Cognitive Behavioral Therapy (CBT)

CBT is based on the concept that our thoughts affect our behaviors, which in turn, affect our emotions.  This cause and affect loop can work in any direction.

For example, if your boss gives you some feedback, you might tell yourself that you are a COMPLETE loser, and you ALWAYS do EVERYTHING wrong.  These thoughts will affect your emotions and you might become depressed and sad and angry.  In reaction to these feelings, you might go home and “self-medicate” with your drug of choice: excessive television, alcohol, food, etc.  This behavior might in turn make you become critical of yourself, and reinforce the idea that you ARE a loser.  Then you might go back to work and mess up, because you are thinking poorly of yourself and hung over, and the whole cycle might begin again.

CBT helps you to identify “irrational” thoughts like the ones listed above.  Pretty much anything you think that involves an “absolute” is irrational on some level (always, never, complete, everyone, perfect, etc.).  Many of these thoughts were instilled in our minds when we were little and needed black and white rules.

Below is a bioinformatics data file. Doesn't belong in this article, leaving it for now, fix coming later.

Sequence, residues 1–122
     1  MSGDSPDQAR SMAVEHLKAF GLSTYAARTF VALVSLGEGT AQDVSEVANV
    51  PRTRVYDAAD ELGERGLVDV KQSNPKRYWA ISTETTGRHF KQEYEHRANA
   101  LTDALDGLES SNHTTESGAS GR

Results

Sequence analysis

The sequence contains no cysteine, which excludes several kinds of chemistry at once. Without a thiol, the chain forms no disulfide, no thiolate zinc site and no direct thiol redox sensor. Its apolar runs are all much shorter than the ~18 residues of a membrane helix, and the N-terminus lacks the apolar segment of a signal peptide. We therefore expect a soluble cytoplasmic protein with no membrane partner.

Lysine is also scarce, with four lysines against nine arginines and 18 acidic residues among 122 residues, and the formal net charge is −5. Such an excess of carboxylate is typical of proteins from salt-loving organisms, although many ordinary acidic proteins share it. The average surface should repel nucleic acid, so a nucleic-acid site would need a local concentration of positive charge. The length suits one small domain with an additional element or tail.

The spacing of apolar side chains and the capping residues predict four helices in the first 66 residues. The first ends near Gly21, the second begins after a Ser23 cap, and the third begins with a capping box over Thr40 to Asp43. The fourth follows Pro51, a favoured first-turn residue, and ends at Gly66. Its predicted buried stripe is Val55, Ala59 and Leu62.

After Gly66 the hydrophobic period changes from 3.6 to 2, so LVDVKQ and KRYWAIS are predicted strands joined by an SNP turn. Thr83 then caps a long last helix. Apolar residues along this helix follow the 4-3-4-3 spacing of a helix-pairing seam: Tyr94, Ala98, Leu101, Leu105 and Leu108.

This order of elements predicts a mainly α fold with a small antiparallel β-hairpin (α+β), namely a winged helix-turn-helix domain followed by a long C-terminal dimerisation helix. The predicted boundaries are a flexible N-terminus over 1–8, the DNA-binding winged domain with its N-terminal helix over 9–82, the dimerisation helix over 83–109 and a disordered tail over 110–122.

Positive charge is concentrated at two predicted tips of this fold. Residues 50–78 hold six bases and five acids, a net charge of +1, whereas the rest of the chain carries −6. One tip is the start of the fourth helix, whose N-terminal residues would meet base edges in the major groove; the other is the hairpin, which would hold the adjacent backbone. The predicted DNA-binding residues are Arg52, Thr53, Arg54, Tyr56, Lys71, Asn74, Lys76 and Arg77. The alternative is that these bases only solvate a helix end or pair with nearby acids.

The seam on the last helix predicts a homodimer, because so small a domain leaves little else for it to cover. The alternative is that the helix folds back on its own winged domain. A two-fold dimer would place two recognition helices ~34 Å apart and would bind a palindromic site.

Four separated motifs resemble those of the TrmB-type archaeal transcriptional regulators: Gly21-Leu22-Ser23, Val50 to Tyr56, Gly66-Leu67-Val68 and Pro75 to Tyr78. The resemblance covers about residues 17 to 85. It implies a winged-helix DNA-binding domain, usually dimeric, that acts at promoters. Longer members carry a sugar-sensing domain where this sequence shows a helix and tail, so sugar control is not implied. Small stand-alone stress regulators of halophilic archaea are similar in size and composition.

For example, it is appropriate for a child to never talk with strangers.  If an adult continues to follow this rule, life will be very limited.

Once you can identify your irrational thoughts, you have an opportunity to correct them, and stop the whole sequence.

You also make changes on the behavioral/action level.  Instead of self-medicating, you can learn positive and productive ways to self-soothe, and then problem solve.  For example, you might talk to a friend, or go for a walk, or work on a hobby, and then address the feedback from your boss in a constructive way.

CBT frequently involves doing “homework,” or actively making different behavioral choices and learning different habits of thinking.

You are coming to therapy to improve your life.  This will require work on your part to make it happen, but the rewards are worth it!